25. This NPRM addresses the possibility of allowing additional flexibility for part 15 auditory assistance devices that operate in the 72-76 MHz bands by expanding the definition of allowed uses of part 15 auditory assistance devices to include simultaneous language interpretation for anyone at any location. This item does not contain any new reporting or recording keeping requirements.

E. Steps Taken To Minimize Significant Economic Impact on Small Entities, and Significant Alternatives Considered

26. The RFA requires an agency to describe any significant alternatives that it has considered in reaching its proposed approach, which may include the following four alternatives (among others): (1) The establishment of differing compliance or reporting requirements or timetables that take into account the resources available to small entities; (2) the clarification, consolidation, or simplification of compliance or reporting requirements under the rule for small entities; (3) the use of performance, rather than design, standards; and (4) an exemption from coverage of the rule, or any part thereof, for small entities. [13]

27. If the part 15 definition of auditory assistance device is expanded to include simultaneous language interpretation for anyone as an allowed use at any location, it may be necessary to modify the administrative and/or technical requirements for auditory assistance devices that operate in the 72-76 MHz bands to prevent harmful interference to authorized services in the 72-76 MHz and adjacent bands (i.e., 66-72 MHz, 73-74.6 MHz, 74.8-75.2 MHz, and 76-82 MHz).

28. Although the proposed rule is not expected to have a significant economic impact on small entities, the Commission will continue to examine alternatives with the objectives of eliminating unnecessary regulations and minimizing significant economic impact on small entities. The Commission seeks comment on significant alternatives that should be adopted.

F. Federal Rules That May Duplicate, Overlap, or Conflict With the Proposed Rule

29. None.

List of Subjects in 47 CFR Part 15 Back to Top

Federal Communications Commission.

Marlene H. Dortch,

Secretary.

For the reasons set forth in the preamble, the Federal Communications Commission proposes to amend part 15 of Title 47 of the Code of Federal Regulations to read as follows:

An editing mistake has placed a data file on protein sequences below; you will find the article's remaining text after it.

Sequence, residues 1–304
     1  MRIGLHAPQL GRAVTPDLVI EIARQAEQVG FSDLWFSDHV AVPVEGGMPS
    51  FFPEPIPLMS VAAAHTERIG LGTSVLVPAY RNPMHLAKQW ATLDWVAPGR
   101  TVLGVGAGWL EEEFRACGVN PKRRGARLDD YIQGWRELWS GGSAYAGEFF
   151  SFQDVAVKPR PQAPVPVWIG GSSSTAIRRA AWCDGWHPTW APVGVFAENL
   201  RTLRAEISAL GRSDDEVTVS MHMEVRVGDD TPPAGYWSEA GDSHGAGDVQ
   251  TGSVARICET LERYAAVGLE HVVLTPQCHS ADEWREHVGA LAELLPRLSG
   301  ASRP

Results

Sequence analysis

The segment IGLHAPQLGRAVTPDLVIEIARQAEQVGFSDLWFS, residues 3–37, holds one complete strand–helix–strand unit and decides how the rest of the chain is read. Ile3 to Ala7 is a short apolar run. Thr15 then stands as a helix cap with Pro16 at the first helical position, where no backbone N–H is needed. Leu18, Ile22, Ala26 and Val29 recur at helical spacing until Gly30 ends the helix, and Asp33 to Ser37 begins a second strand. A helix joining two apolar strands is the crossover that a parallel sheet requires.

begin regulatory text

PART 15—RADIO FREQUENCY DEVICES Back to Top

1. The authority citation for part 15 continues to read as follows:

Authority:

47 U.S.C. 154, 302a, 303, 304, 307, 336, and 544a.

2. Section 15.3 is amended by revising paragraph (a) to read as follows:

§ 15.3 Definitions.

(a) Auditory assistance device. An intentional radiator used to provide auditory assistance communications (including but not limited to applications such as assistive listening, auricular training, audio description for the blind, and simultaneous language translation) for:

(1) Persons with disabilities. In the context of the part 15 rules, the term “disability,” with respect to the individual, has the meaning given to it by section 3(2)(A) of the Americans with Disabilities Act of 1990 (42 U.S.C. 12102(2)(A)), i.e., a physical or mental impairment that substantially limits one or more of the major life activities of such individuals;

(2) Persons who require language translation; or

(3) Persons who may otherwise benefit from auditory assistance communications in places of public gatherings, such as a church, theater, auditorium, or educational institution.

* * * * *

end regulatory text

[FR Doc. 2011-25756 Filed 10-4-11; 8:45 am]

BILLING CODE 6712-01-P

Footnotes Back to Top

1. See 5 U.S.C. 603. The RFA, see 5 U.S.C. 601-612, has been amended by the Small Business Regulatory Enforcement Fairness Act of 1996 (SBREFA), Public Law 104-121, Title II, 110 Stat. 857 (1996).

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4. Id. at 603(b)(3).

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5. 5 U.S.C. 601(3) (incorporating by reference the definition of “small business concern” in 15 U.S.C. 632). Pursuant to the RFA, the statutory definition of a small business applies “unless an agency, after consultation with the Office of Advocacy of the Small Business Administration and after opportunity for public comment, establishes one or more definitions of such term which are appropriate to the activities of the agency and publishes such definition(s) in the Federal Register.” 5 U.S.C. 601(3).

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6. Small Business Act, 15 U.S.C. 632 (1996).

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7. See SBA, Office of Advocacy, “Frequently Asked Questions,”http://web.sba.gov/faqs/faqindex.cfm?areaID=24 (revised Sept. 2009).

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9. Independent Sector, The New Nonprofit Almanac & Desk Reference (2002).

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11. U.S. Census Bureau, Statistical Abstract of the United States: 2006, Section 8, page 272, Table 415.

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12. The Commission assumes that villages, school districts, and special districts are small, and they total 48,558. See U.S. Census Bureau, Statistical Abstract of the United States: 2006, section 8, page 273, Table 417. For 2002, Census Bureau data indicate that the total number of county, municipal, and township governments nationwide was 38,967, of which 35,819 were small. Id.